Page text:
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900 Taliban prisoners go free as Afghans hope Taliban will extend ceasefire

Taliban prisoners walk out vehicles after their release from the Bagram prison, as they arrive in the city of Kabul on May 26, 2020. WAKIL KOHSAR/AFP/Getty

The Afghan government announced Tuesday the release of 900 more Taliban prisoners. It was a goodwill gesture aimed at convincing the insurgent group to extend a three-day truce, set to expire at midnight, which has quelled all major violence across the country.

More broadly, leaders in Kabul were hoping the latest large prisoner release might breathe life back into the flailing peace process launched with the bilateral agreement struck earlier this year between Washington and the Taliban. The Trump administration, just as keen to see the peace process move forward so it can pull U.S. troops out of the war, welcomed both the prisoner release and the ceasefire.

"The government is releasing up to 900 Taliban prisoners from across Afghanistan today to advance the cause of peace, including the continuation of the bilateral ceasefire and the immediate start of direct negotiations," Javid Faisal, spokesman for the office of Afghanistan's National Security Advisor, said Tuesday. "The extension of a ceasefire is important, and we are ready to extend it."

It wasn't immediately clear whether the Taliban would agree to extend the truce, but a spokesman for the group's political office in Qatar called the prisoner release "good progress," and said the Taliban would "release a remarkable number of prisoners soon" in response, "god willing."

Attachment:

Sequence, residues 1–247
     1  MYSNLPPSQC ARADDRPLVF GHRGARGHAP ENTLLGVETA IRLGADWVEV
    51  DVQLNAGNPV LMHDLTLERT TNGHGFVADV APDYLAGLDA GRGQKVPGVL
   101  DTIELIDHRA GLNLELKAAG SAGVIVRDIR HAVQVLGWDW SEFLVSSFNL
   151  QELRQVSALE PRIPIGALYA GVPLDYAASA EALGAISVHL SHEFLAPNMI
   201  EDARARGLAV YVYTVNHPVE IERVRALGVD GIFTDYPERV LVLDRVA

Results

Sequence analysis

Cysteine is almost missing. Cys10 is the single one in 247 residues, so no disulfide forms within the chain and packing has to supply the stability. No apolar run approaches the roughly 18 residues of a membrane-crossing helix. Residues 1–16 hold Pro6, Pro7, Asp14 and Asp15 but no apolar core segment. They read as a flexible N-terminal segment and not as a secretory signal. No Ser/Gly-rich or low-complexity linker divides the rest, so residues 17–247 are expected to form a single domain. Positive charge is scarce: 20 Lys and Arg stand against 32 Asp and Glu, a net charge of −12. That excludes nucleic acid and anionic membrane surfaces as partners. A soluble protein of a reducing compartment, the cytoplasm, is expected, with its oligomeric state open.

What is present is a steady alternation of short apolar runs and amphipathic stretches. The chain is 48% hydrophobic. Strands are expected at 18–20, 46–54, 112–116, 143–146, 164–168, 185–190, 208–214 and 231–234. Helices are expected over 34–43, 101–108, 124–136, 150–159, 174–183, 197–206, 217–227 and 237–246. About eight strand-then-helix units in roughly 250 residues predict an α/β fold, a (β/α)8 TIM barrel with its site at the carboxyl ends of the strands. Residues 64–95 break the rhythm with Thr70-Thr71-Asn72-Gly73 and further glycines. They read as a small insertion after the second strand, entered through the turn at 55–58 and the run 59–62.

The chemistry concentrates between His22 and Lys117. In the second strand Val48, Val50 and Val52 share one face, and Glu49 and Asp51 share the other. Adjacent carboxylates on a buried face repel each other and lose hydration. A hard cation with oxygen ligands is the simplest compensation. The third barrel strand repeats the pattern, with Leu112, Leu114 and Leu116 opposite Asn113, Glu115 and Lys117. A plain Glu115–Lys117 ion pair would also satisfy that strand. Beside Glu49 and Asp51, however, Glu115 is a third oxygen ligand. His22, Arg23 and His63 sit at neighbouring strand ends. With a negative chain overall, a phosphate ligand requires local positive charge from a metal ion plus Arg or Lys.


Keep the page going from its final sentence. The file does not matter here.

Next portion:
The Afghan people had a very clear message to the insurgents, with widespread demands ricocheting around social media for an immediate halt to the bloodshed and a prolonged ceasefire.

"I felt so happy that I could go out without any tension of suicide attacks. I wish this continues so we can enjoy peace" Kabul resident Mirwais, who like many Afghans goes by just one name, told CBS News on Tuesday.

Violence in Afghanistan despite peace deal 07:11

After a week of intense violence across the country, including a bloody attack on a hospital maternity ward in Kabul that saw newborns and pregnant women slaughtered, the Taliban announced that it would observe a three-day truce on Saturday. It said the ceasefire was to "honor the end of the holy month of Ramadan and celebrate Eid festivities in ease and comfort."

Afghans welcomed the announcement, which came after a demand by the government for a halt in the violence.

"I welcome the ceasefire announcement by the Taliban. The Afghan government extends the offer of peace," President Ashraf Ghani said in a speech to the nation.

The militants' surprise decision to accept the truce was lauded by the international community, the United Nations and the United States, which signed the withdrawal deal with the Taliban earlier this year in a bid to wind-down America's longest war.

The deal calls for the release of up to 5,000 Taliban prisoners from the Afghan government jails and, in return, the insurgents are to release nearly 1,000 Afghan security forces. Once that all happens, the idea is for long-elusive direct talks between the Taliban and Afghanistan's government to begin.

U.S. Secretary of State Mike Pompeo welcomed the truce in a tweet on Sunday, saying it, "presents a tremendous opportunity for Afghans to overcome other obstacles and move urgently to intra-Afghan negotiations that end the war."

As of Tuesday, the Afghan government had released 2,000 Taliban prisoners. The other 3,000 are set to go free in several more phased releases — provided the Taliban refrain from violence.

As the truce reached its third and final day, Afghans adopted a "#ExtendTheCeasefire" hashtag on social media, calling on the Taliban to agree to an extension.

Activist and political ethnographer Orzala Nemat addressed the militant group directly on Twitter, using the hashtag and adding: "We KNOW your capacity to KILL, now show us your capacity to kindness & peace." 

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